As a librarian, I found this blog post by Adam Frank, Ways To Be Wrong: Climategate, Climate Science And Who Gets A Say, to be pretty interesting. I teach students about evaluating and understanding information, and Frank discusses some ways that errors occur and also the value of expertise. He outlines a key problem and that is the need for experts to effectively communicate results to non-experts without requiring the non-experts to get advanced degrees to understand.Here’s quote from the post:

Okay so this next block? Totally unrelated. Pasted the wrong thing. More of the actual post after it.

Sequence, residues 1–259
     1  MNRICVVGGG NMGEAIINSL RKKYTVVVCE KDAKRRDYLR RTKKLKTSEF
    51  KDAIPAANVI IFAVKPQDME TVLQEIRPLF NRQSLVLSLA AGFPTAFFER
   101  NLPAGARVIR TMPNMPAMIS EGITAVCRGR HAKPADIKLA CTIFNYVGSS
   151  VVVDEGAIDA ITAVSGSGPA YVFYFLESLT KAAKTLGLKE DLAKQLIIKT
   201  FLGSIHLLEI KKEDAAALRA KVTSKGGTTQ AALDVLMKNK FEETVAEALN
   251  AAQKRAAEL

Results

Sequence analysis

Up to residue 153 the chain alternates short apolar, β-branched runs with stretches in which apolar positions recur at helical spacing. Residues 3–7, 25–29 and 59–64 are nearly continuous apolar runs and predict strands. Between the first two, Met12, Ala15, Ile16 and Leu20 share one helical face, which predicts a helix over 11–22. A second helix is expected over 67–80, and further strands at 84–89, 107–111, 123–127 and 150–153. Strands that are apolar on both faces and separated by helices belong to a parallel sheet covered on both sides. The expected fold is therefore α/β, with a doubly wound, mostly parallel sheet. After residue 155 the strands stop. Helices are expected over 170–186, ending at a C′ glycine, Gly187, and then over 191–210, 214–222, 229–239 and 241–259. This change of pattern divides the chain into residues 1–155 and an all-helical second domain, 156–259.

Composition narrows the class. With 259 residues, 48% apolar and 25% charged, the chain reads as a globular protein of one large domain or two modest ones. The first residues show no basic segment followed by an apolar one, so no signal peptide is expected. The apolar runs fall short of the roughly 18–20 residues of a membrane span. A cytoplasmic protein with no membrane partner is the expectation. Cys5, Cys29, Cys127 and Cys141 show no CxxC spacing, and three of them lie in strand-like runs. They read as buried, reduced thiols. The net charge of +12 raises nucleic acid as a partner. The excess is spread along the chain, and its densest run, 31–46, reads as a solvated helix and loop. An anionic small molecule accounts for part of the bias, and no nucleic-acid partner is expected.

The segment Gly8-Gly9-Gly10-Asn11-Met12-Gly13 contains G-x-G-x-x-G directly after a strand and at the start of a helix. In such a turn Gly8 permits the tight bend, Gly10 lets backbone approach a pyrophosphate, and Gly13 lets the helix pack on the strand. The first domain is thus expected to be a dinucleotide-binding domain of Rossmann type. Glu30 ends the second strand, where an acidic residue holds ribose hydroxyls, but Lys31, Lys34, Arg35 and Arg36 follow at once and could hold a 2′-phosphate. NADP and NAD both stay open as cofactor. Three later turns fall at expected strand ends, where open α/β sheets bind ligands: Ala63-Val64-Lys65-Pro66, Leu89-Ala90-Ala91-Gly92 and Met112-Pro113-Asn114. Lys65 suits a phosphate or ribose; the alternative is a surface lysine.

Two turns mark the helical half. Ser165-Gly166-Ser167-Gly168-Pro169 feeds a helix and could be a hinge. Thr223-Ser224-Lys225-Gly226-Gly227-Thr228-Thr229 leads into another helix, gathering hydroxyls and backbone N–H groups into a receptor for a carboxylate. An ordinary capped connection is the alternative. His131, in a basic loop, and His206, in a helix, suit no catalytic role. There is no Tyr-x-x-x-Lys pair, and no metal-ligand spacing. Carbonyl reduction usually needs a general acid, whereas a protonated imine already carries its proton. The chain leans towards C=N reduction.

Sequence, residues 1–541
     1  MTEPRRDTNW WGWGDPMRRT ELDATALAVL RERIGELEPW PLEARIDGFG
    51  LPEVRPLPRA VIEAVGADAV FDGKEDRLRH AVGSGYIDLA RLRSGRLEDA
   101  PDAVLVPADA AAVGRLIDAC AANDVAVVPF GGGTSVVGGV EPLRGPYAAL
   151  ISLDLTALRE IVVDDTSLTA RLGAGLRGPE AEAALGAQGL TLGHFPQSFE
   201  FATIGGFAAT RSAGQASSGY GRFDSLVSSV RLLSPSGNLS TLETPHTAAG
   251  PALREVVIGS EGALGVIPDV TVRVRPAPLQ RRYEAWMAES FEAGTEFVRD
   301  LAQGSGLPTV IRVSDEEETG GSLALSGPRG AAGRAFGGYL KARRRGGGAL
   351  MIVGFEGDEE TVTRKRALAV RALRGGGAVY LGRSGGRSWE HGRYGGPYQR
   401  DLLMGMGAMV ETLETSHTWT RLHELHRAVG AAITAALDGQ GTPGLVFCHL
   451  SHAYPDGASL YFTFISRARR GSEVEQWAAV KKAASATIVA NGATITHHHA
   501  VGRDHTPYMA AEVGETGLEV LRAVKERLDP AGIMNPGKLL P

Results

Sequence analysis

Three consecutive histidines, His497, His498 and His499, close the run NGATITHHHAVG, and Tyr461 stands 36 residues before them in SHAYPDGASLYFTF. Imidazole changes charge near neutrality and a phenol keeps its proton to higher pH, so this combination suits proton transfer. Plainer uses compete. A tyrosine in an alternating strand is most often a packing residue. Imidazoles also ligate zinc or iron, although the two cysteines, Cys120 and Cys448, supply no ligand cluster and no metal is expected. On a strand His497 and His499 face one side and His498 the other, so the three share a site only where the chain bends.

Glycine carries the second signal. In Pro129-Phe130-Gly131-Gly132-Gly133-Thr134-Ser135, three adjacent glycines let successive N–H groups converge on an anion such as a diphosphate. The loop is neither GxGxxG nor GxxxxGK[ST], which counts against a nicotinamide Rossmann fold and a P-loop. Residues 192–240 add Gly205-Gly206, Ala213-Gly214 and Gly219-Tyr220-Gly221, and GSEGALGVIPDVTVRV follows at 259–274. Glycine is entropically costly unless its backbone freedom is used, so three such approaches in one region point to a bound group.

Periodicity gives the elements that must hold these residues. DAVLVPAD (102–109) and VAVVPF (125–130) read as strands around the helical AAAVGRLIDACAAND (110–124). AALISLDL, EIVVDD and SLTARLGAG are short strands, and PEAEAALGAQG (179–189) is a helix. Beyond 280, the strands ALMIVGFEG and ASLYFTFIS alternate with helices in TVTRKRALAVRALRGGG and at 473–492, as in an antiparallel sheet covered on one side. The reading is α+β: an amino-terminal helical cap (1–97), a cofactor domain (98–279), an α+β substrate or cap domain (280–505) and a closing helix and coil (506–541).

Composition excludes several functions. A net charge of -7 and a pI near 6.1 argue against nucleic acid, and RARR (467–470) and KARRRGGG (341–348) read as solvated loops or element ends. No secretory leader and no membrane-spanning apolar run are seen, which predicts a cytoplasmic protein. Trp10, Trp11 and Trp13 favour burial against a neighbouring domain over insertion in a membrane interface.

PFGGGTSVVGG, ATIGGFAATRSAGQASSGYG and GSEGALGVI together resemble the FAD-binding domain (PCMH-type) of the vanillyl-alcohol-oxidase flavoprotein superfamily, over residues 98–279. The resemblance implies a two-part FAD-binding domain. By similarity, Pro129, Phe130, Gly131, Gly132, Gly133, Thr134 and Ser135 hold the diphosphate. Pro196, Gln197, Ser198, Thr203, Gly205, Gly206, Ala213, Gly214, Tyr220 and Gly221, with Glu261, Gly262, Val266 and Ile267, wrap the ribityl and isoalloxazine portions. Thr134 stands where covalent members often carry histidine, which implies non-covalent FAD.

Scientific analysis is rarely straightforward. In my own field of astronomy one does not just snap an image through a telescope, write up what you think it implies and move on. Anyone who has ever seen a raw Hubble Space Telescope image knows there are many, many steps requiring years of training, expertise and experience before the pretty — and scientifically relevant — picture emerges.So it is with the climate auditors. So it is with the much larger and more pressing issue of science and culture as a whole. Ultimately these debates are too important, and too easily manipulated (as the politically motivated climate deniers have shown) to simply rely on scientists saying “trust us”. On the other hand most climate scientists did not dedicate 15 years of their lives in training for their field because they wanted to be media communications experts. Nor should they be expected to handhold amateurs (I mean that literally — people who do not do this for a living) who will make countless mistakes and claim them to be verifiable truth.There must be a middle ground here. Perhaps an office should be created in the NSF, NASA and NOAA that works specifically in this new gray area. It would be worth the effort and the money. The stakes are simply to high to let the debate sink to where we are have fallen now.